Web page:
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Expect lots of wordy things - independent magazines primarily - with plenty of reportage photography and great bits of design. There will also be occasional pieces of written reportage stories. It all comes down to time.

Superheroes Reverse Photoshopped Into Realistic Body Shapes

I saw a post a while ago, I can't remember where, that analysed the body images of Disney's most loved characters. The heroes that kids fall in love with and are supposed to aspire to be like have the most redeemable personality features. They always see through the bullshit, take the time to understand the people who are shunned by all the other characters and help those who are less fortunate.

The moral is always that kids should grow up to be like these people.

But they always have the most redeemable physical features too.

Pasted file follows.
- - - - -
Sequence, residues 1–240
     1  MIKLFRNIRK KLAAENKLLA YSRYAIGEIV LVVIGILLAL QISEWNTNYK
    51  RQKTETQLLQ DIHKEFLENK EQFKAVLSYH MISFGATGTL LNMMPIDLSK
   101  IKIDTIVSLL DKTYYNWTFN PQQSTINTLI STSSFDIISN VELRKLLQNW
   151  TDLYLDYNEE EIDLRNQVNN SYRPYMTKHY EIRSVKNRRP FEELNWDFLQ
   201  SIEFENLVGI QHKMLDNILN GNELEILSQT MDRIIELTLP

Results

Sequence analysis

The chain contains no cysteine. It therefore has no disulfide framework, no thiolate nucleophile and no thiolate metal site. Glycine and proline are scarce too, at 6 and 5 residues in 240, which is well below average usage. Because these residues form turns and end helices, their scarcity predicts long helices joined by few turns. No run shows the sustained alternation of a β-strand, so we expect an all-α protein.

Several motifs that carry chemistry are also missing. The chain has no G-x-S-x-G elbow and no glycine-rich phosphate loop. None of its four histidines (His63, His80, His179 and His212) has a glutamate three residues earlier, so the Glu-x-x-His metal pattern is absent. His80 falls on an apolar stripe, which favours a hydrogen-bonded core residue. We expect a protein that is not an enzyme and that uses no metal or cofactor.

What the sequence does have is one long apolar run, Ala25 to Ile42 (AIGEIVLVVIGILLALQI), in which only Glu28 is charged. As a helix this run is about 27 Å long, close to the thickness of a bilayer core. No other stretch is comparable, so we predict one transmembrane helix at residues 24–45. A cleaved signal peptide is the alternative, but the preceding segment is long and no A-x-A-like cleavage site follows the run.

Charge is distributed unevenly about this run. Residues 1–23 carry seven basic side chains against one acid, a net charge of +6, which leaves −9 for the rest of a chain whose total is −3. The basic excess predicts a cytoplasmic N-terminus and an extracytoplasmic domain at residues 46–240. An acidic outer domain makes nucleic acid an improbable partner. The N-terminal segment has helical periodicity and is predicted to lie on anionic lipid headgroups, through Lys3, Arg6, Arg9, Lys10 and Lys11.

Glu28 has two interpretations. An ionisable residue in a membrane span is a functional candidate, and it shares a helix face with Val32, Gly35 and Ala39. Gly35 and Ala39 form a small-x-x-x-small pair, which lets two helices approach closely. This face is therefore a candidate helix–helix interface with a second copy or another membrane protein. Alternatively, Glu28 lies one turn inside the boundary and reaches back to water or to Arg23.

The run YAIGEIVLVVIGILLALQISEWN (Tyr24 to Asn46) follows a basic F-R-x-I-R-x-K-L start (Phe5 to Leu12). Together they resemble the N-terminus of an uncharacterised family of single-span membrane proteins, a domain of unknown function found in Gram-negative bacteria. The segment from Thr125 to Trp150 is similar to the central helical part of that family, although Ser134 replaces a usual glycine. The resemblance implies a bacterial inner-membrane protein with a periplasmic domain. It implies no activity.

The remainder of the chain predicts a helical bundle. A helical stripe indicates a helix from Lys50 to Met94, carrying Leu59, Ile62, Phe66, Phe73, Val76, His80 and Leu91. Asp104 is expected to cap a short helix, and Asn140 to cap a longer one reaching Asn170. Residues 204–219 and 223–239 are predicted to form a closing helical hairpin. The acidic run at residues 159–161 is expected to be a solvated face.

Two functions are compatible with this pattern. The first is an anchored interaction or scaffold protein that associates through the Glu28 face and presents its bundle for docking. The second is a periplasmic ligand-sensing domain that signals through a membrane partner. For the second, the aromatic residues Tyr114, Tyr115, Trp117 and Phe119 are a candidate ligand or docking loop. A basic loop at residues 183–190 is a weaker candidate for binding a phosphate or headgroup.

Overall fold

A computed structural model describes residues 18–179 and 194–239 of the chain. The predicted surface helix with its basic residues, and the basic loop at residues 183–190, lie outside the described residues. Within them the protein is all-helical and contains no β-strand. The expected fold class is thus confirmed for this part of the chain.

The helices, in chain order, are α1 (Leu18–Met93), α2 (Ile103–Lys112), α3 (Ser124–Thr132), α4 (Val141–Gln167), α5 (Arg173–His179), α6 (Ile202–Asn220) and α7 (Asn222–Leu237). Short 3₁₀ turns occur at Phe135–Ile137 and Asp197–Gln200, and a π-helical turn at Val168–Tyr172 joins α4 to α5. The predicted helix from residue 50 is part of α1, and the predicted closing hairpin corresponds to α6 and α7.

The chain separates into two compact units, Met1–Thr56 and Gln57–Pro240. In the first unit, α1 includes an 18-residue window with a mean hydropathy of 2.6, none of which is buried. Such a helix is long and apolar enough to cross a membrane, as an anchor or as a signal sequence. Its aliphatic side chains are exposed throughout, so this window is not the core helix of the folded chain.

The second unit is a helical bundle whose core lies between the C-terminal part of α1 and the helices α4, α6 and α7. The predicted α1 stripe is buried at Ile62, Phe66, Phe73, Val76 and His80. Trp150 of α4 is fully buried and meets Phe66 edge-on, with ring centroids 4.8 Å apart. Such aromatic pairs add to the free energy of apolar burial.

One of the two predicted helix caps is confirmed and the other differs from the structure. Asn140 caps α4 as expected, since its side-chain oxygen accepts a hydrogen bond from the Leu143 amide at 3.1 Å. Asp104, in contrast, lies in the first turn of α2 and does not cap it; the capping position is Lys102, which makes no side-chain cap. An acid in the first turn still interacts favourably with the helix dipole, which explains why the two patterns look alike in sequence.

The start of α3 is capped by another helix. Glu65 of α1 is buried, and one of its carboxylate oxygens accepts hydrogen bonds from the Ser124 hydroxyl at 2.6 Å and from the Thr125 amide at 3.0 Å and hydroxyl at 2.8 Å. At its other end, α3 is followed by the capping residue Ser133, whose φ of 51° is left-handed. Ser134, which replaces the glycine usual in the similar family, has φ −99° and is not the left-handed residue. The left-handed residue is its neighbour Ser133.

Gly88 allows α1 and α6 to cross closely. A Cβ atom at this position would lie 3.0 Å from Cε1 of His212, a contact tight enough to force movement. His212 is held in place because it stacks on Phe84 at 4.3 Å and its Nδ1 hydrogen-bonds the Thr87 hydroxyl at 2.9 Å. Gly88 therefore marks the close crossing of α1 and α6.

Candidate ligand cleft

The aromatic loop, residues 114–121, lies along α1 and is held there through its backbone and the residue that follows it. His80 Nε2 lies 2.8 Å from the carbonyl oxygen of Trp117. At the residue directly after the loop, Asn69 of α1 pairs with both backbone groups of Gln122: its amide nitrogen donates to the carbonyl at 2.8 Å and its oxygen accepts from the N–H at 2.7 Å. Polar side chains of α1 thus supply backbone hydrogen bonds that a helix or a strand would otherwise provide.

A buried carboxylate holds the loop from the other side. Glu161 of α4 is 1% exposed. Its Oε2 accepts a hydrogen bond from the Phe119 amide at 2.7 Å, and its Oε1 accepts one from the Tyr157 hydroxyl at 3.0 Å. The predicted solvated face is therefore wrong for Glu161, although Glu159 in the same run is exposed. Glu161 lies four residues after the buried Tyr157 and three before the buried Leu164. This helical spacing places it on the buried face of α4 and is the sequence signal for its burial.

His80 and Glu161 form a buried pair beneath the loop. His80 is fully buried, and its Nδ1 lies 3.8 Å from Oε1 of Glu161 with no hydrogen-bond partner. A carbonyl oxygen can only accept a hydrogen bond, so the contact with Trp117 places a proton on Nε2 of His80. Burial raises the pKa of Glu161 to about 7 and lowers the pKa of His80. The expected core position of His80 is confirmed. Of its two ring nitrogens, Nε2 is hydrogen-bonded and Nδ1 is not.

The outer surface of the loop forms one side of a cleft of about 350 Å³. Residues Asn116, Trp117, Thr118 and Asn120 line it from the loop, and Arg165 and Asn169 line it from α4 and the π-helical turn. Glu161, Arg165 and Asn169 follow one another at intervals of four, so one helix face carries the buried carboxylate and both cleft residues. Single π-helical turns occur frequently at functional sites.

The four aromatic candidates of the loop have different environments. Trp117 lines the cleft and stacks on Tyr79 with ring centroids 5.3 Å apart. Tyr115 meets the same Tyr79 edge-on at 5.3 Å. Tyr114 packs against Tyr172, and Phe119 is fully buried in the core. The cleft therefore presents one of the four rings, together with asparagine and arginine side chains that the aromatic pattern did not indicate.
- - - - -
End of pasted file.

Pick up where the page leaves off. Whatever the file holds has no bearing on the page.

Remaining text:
At least, in the mainstream view: the female leads have tiny waists, curved hips and shiny hair, the males have chiselled jawlines, rippling biceps and perfect torsos.

This sends all sorts of messages - from the weird sexualisation of characters in children's stories to sowing the seeds of body image issues and related mental health issues.

These issues are exaggerated in the case of comic book heroes.

And that's why the people at bulimia.com have "reverse photoshopped" images of popular superheroes into more realistic body shapes. This reminds readers it's the actions of the superheroes and characters that we love which is what makes them the good guys - not their bra busting cleavage or perfectly formed V-shaped torsos.

The way the changes start out quite subtle before getting more and more noticeable is nice. This holds a mirror up to show the way issues like bulimia can grow, but it also reminds us that all body shapes are fine. As long as you're healthy - that's a good body image to have.

The tweaks to these characters definitely makes them more realistic and therefore more relatable. It makes you wonder why it's not used in character development as a matter of course.

Anyway, take it at face value as an interesting piece of art - which it is - or you can also go and take some time to read more about the mental health implications that people struggle with when dealing with life crippling illnesses like bulimia.